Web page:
For some, New Zealand is a once in a lifetime experience and since they have come all this way they might as well make the most of it.
For people new to New Zealand climbing, it is the perfect way to get to know the country and its many faces. The mountains, flora and fauna vary quickly in New Zealand and combining a climb of Mt Cook & Mt Aspiring lets climbers experience the lush temperate rain forest of Aspiring National Park as well as the deep glacier-carved valleys of Mt Cook National Park.
Other people appreciate the chance to get in a major climb of a peak like Mt Aspiring with their guide before tackling Mount Cook. It is a chance for you and your guide to get to know each other and work on systems in a more forgiving environment before moving on to the more objectively dangerous slopes of Mt Cook.
Some people are unsure if their experience is enough for Mt Cook and use Mt Aspiring as a prerequisite. The guide can get a clear view of the client's abilities and give advice on whether Mt Cook is a realistic option. If in the end it is felt that Mt Cook is not a good idea there are many other great climbing objectives to tackle.
Whatever the reason, if you love mountains, this will be a beautiful romance.
Mike Dixon, UK
Meet at our office in Wanaka where you will meet your guide and complete a gear check. After a short drive to the staging area, we load into our helicopter. It is a stunning flight into Bevan Col where you begin the business end of the trip. Your guide will give you the required instruction on glacier travel and ice axe and crampon use. A one hour walk across the Bonar Glacier gets you to Colin Todd Hut which will be the base for your ascent. This amazing hut is perched high on the side of the mountain at 1800m and is owned by the New Zealand Alpine Club. Under agreement with the Alpine Club, Aspiring Guides is allowed to keep equipment at the hut which minimizes the gear you are required to carry. The hut can be busy and in nice weather we often choose to bivi or tent outside. We like to eat well and should you happen to bring a lightweight plastic bottle of your favourite beverage it would not be a problem.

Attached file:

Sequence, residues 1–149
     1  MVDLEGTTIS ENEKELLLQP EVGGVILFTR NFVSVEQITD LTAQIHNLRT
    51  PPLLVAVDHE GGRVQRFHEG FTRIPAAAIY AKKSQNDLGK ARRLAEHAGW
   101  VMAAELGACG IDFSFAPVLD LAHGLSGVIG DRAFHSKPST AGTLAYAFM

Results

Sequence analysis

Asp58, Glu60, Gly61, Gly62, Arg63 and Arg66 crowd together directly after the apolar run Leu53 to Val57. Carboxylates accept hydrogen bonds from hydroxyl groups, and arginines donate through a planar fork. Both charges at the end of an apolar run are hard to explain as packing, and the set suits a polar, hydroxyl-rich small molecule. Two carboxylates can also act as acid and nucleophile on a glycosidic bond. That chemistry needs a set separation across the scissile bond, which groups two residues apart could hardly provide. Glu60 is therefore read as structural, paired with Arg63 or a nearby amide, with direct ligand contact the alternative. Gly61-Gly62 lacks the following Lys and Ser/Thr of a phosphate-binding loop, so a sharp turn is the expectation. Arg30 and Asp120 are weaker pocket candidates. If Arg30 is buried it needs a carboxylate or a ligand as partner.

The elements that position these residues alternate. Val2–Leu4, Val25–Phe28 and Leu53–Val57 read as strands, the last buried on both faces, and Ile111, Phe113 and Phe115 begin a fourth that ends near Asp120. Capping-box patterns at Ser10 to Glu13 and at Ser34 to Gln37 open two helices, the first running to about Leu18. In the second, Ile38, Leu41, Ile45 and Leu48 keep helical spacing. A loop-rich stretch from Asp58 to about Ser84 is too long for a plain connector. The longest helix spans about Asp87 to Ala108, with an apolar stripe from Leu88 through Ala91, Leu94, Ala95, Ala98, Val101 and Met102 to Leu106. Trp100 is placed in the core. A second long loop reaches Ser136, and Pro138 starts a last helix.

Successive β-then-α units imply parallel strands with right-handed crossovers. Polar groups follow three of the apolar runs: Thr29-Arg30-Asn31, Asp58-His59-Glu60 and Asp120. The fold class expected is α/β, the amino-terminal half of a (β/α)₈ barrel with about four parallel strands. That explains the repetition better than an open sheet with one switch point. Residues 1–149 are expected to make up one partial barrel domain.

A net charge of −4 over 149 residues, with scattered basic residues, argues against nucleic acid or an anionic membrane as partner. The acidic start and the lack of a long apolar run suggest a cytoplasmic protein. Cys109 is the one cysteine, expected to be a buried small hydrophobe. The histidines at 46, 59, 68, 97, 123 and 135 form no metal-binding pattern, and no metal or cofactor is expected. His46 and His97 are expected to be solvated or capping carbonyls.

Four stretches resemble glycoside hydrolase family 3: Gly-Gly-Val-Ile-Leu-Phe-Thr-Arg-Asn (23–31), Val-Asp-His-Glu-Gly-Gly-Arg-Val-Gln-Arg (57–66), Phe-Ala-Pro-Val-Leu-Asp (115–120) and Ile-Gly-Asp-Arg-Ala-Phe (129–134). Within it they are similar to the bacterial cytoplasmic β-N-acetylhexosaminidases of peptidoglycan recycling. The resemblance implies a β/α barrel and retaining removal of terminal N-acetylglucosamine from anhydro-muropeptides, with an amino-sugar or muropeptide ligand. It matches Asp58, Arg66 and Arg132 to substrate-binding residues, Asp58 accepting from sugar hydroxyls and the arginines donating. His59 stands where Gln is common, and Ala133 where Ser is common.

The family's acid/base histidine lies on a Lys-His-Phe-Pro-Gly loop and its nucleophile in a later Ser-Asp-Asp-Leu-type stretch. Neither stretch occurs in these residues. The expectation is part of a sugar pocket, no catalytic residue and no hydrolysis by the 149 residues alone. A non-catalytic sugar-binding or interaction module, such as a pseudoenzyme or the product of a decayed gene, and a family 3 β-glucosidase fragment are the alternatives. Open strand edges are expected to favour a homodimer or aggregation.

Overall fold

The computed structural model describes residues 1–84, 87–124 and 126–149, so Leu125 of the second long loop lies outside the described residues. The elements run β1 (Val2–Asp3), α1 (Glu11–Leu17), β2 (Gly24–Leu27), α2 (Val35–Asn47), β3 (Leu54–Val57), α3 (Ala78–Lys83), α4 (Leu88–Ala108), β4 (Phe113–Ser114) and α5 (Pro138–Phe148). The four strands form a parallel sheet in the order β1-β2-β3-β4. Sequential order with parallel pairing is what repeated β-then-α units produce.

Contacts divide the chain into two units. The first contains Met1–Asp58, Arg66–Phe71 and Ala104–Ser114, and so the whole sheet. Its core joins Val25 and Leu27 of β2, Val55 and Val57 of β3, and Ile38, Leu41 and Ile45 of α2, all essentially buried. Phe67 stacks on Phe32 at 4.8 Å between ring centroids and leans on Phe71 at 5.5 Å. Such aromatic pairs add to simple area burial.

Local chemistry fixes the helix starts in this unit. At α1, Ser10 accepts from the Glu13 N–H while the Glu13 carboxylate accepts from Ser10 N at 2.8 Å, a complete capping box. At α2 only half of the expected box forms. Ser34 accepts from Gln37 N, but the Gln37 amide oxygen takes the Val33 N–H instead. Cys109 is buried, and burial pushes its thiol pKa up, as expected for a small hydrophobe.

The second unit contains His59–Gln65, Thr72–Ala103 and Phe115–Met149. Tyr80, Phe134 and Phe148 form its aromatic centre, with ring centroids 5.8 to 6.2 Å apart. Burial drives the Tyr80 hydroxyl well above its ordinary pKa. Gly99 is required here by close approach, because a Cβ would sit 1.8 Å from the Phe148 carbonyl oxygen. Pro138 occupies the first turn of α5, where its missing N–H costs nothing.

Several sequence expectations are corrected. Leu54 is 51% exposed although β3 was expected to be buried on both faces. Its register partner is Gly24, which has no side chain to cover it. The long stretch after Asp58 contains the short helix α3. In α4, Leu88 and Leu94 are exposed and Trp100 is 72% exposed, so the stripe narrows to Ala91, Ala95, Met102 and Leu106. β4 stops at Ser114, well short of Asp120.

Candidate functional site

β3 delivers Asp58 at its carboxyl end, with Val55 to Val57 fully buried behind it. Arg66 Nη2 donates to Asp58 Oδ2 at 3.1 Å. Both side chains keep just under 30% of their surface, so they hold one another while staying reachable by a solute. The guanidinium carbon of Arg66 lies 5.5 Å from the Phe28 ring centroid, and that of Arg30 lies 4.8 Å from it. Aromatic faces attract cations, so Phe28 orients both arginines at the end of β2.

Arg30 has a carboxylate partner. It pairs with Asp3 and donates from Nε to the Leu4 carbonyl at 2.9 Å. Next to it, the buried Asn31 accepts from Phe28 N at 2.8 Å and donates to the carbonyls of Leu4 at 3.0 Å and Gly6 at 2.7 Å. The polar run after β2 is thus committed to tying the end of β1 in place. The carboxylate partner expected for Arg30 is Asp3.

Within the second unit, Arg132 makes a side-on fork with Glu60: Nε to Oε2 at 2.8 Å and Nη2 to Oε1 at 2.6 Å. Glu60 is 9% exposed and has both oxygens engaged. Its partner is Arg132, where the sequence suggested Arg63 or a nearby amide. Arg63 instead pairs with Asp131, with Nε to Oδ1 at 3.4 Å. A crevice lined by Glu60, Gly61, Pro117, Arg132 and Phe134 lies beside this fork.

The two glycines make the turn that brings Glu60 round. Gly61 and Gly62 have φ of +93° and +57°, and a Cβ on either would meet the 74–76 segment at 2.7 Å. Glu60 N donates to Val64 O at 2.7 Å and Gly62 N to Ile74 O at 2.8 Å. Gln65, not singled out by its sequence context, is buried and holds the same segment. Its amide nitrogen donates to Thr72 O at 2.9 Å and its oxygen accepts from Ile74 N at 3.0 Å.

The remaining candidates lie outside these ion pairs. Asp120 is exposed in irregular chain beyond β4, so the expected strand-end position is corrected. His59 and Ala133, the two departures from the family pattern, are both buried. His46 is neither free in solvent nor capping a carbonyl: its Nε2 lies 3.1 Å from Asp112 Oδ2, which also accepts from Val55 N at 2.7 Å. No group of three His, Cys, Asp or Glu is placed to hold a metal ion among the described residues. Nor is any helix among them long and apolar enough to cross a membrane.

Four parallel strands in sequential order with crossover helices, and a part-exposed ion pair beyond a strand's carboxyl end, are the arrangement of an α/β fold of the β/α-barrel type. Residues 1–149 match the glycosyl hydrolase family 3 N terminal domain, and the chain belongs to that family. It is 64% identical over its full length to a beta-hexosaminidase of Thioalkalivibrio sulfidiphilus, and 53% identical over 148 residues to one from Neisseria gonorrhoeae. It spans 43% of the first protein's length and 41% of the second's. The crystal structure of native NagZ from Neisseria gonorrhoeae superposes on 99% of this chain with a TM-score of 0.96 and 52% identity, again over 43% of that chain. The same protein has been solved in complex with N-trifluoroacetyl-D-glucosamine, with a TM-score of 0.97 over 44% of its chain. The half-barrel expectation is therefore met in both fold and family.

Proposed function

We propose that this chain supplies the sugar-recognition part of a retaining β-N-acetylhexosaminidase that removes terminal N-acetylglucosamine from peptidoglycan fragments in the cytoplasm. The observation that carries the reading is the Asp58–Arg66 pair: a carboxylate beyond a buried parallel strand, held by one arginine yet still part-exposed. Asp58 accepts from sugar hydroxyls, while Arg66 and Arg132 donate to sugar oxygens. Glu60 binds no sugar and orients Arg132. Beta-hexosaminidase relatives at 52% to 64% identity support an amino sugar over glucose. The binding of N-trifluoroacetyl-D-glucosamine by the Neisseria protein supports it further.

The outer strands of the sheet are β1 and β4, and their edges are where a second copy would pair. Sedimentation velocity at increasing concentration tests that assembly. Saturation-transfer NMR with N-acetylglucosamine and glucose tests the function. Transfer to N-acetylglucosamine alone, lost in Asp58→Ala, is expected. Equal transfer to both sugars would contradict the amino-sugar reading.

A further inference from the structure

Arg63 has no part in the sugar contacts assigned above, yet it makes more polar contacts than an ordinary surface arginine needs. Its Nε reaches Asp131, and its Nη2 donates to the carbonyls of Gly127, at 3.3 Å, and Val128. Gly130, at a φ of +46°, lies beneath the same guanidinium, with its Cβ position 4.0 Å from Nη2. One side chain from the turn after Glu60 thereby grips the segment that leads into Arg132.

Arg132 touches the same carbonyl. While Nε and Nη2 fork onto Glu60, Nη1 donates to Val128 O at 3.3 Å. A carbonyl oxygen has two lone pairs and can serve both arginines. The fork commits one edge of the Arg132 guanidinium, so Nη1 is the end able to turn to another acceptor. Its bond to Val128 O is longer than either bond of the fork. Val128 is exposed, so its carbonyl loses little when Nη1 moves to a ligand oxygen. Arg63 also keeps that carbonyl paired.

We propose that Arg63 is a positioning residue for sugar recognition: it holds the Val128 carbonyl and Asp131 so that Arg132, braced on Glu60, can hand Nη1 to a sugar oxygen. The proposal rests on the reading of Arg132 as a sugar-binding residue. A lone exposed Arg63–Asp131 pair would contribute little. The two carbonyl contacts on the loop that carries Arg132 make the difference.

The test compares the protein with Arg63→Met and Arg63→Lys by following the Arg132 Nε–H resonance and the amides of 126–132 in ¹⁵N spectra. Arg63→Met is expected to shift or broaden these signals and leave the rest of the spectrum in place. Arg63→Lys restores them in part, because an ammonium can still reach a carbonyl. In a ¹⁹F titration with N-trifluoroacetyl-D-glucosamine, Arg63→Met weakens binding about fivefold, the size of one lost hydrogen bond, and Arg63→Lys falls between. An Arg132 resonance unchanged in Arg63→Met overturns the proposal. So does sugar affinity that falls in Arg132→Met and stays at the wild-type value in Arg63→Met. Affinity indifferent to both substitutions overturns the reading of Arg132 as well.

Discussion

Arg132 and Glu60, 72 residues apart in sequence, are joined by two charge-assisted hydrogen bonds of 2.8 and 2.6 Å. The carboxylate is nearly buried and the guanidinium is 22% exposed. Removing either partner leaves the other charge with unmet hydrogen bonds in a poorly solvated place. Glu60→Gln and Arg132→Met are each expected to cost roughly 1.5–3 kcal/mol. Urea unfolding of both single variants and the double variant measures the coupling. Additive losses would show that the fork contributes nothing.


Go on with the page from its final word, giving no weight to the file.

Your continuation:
Often clients benefit from an acclimatisation day to get used to their surroundings and to explore the area. There are several smaller summits nearby that can be climbed to give the guide time to familiarise you with the equipment and techniques required. This day also gives you some time up your sleeve should the weather not cooperate.
Summit day usually starts at around 4 am. After a good breakfast and a strong cup of your second favourite beverage, the climbing begins. Guides usually time it so you arrive at the more technical climbing around daybreak. The nerves begin to settle down as you watch the shadow of Mount Aspiring dominate the horizon and stretch out towards the Tasman Sea. The most technical climbing is usually spent gaining the upper ridge of the mountain either by the "ramp " or the NW Ridge. It is a thrilling climb as you begin to rise above the many peaks in the area. The summit ridge takes about 2 hours but it can seem an eternity as your fitness is put to test. The summit of Mt Aspiring is one of the more aesthetically pleasing peaks you will ever climb. It rises to a sharp point from where you can get a staggering view of the South Island mountains. The descent is a mixture of walking, down climbing and abseiling. It is slow work for tired legs but there is an uplifting sense of achievement as you realize that you just might pull off this great accomplishment.
It is a slow start for tired bodies but after a massive breakfast the journey continues. There are two options for getting to the valley floor. Either way, it is 1400m of descent to get down; if your thighs don't feel it yet, they will. The faster/bad weather option is to cross the Bonar Glacier to Bevan Col and descend this improbable rocky gash of a route to the valley floor. It is a pretty wild ride finding your way down steep rock slab, an abseil and some amazingly over-steepened boulder fields. Nine hours gets you to Aspiring Hut. It is only a few hours from there to the trail end but most people decide they have had enough long before they get to hut ... the sight of a soft bunk is too tempting to pass up.